The novelty, UJ3, a complex of silver thiocyanate phosphine, is as positive as cisplatin in killing breast cancer and melanoma cells in CCH, said main author Marianne Cronjé.

However, he added, UJ3 requires a dose up to 10 times lower to kill these cancer cells, and as it has a greater specificity on the tumor ones, the healthy ones destroyed during the treatment is noticeably lower.

If UJ3 becomes a chemotherapeutic drug in the future, the need for a lower dose, minimal toxicity and greater specificity for tumor cells will make it possible to treat cancer with fewer side effects, emphasized the authors.

Study: Seafood Lovers Consume Tens of Thousands of Plastic Particles Annually

According to a University of Ghent study, seafood lovers are consuming thousands of pieces of plastic each year.

Scientist found that, on average, a portion of mussels contains about 90 plastic particles – meaning two portions of mussels eaten weekly translates to roughly 11,000 plastic fibers annually.

University of Exeter's Adam Porter, said: “We piled up the thousands of plastics a regular seafood eater would consume in a year and the results were really quite shocking. People do not want to eat any plastic, let alone this amount.”

Plastic was found in almost every one of hundreds of mussels examined.

It remains unknown whether plastic passes from the stomach to body tissues.

Last week, the Marine Conservation Society said Britain is “choking in plastic.” The observation said there is a 27% increase in plastic and polystyrene items since 2008 across the UK coastline.

Plastic pollution is overwhelming Britain, making up close to 90% of litter on beaches. Plastic bottles accounted for 10% of litter found in the Thames.

“Plastic waste is out of control in London. It litters our parks, pollutes the Thames, harms marine life, and adds waste to London’s landfill sites, which may be full by 2025,” said environment committee chairman Leonie Cooper.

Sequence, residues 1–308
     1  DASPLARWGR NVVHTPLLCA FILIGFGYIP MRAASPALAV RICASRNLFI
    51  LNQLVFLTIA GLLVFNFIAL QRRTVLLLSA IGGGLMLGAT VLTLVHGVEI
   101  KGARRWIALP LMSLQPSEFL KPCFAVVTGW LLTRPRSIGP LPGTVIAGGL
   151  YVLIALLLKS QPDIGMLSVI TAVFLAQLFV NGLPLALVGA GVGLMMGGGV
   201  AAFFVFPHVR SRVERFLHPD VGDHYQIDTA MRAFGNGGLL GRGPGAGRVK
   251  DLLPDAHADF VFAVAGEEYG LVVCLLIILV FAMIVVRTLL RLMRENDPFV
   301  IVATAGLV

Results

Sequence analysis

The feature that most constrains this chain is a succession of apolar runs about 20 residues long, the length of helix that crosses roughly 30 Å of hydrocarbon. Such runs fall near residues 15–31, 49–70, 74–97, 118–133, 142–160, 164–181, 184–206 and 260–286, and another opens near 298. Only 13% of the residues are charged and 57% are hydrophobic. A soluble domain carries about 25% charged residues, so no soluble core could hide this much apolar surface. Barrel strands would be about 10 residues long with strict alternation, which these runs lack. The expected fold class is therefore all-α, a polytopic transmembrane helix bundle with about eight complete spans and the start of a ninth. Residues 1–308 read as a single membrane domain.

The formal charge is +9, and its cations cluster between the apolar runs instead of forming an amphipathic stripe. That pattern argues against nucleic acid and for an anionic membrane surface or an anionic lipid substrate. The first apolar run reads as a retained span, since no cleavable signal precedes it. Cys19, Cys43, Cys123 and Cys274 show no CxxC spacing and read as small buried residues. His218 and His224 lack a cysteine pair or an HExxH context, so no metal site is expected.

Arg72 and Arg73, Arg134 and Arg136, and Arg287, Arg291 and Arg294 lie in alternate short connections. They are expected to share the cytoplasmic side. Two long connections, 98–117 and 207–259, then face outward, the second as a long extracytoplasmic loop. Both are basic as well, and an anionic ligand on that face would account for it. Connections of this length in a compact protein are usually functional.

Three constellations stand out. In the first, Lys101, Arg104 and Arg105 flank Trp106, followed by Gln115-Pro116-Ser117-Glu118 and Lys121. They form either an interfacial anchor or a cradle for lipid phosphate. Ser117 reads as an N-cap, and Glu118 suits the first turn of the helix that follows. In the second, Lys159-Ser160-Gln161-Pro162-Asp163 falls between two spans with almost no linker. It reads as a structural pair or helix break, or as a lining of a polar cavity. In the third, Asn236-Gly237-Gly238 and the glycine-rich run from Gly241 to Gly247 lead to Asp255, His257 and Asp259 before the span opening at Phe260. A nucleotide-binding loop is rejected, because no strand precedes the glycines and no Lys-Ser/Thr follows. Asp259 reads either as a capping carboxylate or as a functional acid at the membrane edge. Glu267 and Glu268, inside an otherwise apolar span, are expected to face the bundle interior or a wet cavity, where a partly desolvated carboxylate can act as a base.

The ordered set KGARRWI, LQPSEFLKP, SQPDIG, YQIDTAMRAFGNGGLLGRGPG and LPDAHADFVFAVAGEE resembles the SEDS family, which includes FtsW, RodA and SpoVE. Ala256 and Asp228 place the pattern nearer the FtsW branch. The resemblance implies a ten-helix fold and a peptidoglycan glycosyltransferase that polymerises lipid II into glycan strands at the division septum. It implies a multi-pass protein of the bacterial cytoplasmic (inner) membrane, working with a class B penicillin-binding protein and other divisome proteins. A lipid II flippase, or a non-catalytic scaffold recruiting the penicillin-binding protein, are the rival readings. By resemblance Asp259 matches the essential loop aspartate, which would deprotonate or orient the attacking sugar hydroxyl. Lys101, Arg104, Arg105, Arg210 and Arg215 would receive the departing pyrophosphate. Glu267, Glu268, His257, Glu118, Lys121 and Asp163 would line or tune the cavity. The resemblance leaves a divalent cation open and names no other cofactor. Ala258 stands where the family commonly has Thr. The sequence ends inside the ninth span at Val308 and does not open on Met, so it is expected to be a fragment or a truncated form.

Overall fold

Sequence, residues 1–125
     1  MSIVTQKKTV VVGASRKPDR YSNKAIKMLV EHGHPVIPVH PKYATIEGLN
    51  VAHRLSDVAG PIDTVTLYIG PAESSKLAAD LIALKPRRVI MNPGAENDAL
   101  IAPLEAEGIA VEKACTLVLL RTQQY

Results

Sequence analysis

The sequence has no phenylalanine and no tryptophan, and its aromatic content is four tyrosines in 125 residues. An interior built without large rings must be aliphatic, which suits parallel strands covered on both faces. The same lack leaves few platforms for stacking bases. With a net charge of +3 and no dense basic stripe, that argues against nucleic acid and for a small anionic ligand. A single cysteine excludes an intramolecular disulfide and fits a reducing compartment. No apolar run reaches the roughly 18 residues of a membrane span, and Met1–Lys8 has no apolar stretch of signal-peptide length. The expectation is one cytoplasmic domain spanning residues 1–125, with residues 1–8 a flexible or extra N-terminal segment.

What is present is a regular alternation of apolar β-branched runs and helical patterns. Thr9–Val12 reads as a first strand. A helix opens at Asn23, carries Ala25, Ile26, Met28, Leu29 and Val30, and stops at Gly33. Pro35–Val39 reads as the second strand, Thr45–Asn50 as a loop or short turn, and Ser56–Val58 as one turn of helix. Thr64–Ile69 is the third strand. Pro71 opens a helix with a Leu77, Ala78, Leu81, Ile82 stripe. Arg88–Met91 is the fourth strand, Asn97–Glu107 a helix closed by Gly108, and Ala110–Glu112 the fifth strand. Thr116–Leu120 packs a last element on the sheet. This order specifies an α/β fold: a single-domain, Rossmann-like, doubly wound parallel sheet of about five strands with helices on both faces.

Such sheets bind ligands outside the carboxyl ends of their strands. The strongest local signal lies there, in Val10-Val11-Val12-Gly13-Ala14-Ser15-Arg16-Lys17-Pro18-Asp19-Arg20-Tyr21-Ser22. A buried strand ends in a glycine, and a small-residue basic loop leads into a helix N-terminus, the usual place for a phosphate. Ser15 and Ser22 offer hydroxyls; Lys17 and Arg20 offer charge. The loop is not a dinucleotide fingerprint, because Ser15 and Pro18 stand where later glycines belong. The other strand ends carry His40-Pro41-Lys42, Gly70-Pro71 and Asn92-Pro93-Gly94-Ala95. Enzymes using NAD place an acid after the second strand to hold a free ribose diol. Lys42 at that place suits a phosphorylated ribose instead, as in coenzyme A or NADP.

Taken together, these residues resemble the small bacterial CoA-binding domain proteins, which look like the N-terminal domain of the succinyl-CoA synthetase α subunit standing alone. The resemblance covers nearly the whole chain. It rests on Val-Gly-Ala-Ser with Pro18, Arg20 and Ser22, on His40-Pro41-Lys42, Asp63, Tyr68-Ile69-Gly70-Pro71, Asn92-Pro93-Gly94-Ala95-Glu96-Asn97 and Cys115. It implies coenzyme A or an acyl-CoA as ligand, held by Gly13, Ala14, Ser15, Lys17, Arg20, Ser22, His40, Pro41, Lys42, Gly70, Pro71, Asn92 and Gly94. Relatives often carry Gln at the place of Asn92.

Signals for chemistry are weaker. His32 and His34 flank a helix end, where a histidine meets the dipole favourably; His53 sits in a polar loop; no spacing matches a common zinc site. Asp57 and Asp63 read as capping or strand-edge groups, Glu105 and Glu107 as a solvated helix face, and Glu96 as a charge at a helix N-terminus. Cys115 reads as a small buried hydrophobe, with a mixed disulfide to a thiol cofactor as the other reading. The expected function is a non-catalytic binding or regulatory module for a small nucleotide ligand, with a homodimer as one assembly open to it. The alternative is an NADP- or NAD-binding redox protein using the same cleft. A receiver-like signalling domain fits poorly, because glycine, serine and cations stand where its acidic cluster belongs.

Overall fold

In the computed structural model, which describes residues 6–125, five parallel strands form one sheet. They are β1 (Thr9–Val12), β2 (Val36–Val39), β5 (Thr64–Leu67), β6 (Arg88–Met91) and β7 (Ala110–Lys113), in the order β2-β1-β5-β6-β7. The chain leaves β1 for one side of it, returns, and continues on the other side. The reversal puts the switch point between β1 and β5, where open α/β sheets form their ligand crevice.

About 220,000 pieces of plastic were found along one 37-mile stretch of UK coastline. Among them were 2,509 cotton bud sticks, 13,115 drinks caps and lids, 3,109 drinks bottles and 81,000 additional unidentifiable plastic fragments.

The United Nations is taking major steps to reduce plastic pollution of the world’s oceans. Delegates preparing for the UN environment ministers’ meeting in Nairobi, Kenya, next week will explore options for global action to tackle plastic waste. The agency has committed to a substantial reduction of plastic waste by 2025.

Eirik Lindebjerg from the World Wide Fund for Nature said the meeting could prove a turning point in the crisis.

Scientist Adam Porter, said: “Many people blame beach users for not putting their litter in the bin, they blame fishermen for dumping waste, but our study shows the majority of waste is made up of fragmented plastics which have been in the sea for a long time and broken down – and these come from all of us.

“We need to use plastics responsibly, and they need to be recycled to protect the hundreds of animal groups known to be swallowing this waste.”

Exeter University study collected data from council workers who cleared beaches in North Cornwall between January 2005 and December 2011.